Close of day 4? Looking good for a draw, which is in and of itself galling, because by God at 551-6 and Australia at 76-3? We should have been in for the kill. Strauss and Bell looked in decent nick. I went to bed on Thursday night, reasonably confident - it looked, as the saying goes, 'drawish', dmmcricket had that as his most likely result, but did say, with eerie foresight: "...the other option is that, somehow, Australia manage to take a swag of wickets early this morning, and bundle England out by midway through the second session. If that happens, they'll have added maybe another 100 runs, and Australia will have a 200-run canter home in 40-odd overs."

Yeah. Right. Thanks, DM.

My radio went off at 6.25, just in time to catch the 6.30 news. England 129 all out. From 59-1, for heavens sake. 70 runs, 9 wickets. On a pitch that Geoff Boycott's grandmother could have got runs on with the proverbial stick of rhubarb. The only name that merits any mention is Collingwood, for sticking it through until he finally ran out of partners, rather than throwing it away, He's evidently learned his lesson from that rush of blood in the first Test.

I crawled downstairs to watch a few minutes: Pietersen at one end, for heavens sake. On what planet is Kevin Pietersen your best bet to stop a rampant Ponting and Hussey scoring? And Giles was, frankly, rank. He looked to have about as much enthusiasm for the cause as my Christmas turkey for the oven, and his bowling, lucky wickets notwithstanding, was as inviting as any buffet. I actually had to turn it off, 'cause I couldn't stand any more, long before we became the side to make the highest EVER declared total batting first and then lose. Pathetic.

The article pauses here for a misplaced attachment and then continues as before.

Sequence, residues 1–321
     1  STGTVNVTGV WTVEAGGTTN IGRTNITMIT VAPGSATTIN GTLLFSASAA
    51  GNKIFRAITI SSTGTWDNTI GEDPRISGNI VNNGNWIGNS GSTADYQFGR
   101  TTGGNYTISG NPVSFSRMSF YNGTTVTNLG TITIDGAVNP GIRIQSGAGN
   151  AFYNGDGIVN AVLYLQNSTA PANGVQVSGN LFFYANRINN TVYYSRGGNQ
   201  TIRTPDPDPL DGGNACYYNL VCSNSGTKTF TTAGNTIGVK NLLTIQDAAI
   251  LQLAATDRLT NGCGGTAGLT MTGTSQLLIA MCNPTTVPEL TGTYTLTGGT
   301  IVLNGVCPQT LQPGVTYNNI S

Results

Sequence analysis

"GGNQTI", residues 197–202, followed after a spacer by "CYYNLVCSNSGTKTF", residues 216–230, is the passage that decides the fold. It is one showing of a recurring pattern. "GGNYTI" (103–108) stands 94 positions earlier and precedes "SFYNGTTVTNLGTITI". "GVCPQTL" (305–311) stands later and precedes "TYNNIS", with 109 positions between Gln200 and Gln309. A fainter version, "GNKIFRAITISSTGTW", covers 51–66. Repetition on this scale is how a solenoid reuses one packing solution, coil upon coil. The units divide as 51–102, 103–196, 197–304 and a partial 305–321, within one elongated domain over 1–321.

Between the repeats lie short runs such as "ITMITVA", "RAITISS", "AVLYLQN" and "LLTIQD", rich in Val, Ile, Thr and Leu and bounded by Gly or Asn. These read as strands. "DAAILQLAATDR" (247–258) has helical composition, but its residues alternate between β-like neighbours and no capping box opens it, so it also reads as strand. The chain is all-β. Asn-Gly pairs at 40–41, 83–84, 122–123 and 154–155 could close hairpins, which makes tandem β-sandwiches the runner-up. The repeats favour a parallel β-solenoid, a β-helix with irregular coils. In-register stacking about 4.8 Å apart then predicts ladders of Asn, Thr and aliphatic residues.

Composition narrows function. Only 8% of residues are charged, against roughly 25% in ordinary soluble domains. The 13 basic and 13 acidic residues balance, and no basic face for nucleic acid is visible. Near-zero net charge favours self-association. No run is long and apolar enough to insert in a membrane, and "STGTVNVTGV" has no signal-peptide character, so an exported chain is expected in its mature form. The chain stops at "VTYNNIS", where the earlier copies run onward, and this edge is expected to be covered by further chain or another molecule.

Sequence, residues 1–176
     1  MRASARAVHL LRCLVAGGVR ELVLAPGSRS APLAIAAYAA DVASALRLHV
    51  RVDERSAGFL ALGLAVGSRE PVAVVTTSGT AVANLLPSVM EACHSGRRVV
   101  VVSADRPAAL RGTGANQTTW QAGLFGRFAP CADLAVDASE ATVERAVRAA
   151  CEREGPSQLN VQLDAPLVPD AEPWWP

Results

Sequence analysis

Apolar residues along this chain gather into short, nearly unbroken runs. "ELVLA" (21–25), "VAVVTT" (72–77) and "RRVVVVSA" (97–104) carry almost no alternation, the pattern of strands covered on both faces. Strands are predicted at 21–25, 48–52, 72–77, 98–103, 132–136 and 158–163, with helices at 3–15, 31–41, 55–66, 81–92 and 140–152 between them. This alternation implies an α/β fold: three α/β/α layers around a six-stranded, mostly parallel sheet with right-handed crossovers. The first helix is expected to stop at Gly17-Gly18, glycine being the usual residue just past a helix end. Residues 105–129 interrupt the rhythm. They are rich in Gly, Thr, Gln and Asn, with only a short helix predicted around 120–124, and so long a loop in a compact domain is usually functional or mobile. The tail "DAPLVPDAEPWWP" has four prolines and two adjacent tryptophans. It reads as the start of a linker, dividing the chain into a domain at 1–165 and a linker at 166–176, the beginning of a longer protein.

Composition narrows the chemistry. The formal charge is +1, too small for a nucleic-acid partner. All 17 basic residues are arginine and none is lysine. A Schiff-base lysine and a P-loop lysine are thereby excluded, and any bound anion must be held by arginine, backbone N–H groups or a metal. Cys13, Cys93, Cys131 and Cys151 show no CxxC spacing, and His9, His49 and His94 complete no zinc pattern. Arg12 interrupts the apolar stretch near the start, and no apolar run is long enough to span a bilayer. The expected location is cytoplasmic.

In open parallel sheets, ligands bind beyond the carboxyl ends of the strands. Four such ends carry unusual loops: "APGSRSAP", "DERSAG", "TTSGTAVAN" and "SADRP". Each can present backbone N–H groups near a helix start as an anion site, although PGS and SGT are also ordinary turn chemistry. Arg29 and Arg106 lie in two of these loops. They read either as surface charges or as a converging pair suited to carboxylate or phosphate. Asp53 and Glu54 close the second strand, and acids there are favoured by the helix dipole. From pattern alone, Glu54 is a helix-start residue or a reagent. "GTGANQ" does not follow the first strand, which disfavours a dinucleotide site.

But we shouldn't have let it get to that stage. Never in a million years. And no amount of special pleading that Jones and Giles deserve their place on the strength of their batting will convince me that it's the right approach. That 551 was largely down to the people who are, by God, paid to bat, numbers one to six. It helps if the keeper and a couple of the bowlers know a bat from Boyc's Gran's stick of rhubarb, but if one to six can't deliver the goods, we have a much more serious problem that we shouldn't be trying to fix by taking away a strike bowler and the better keeper. Frankly, on present form, if we need another bat that badly, dropping Giles, Harmison and Jones for Read, Panesar and Mahmood would at least improve the quality of the bowling attack.

As for the Ashes? Unless we buck our ideas up and pull off a major miracle? Not staying in this country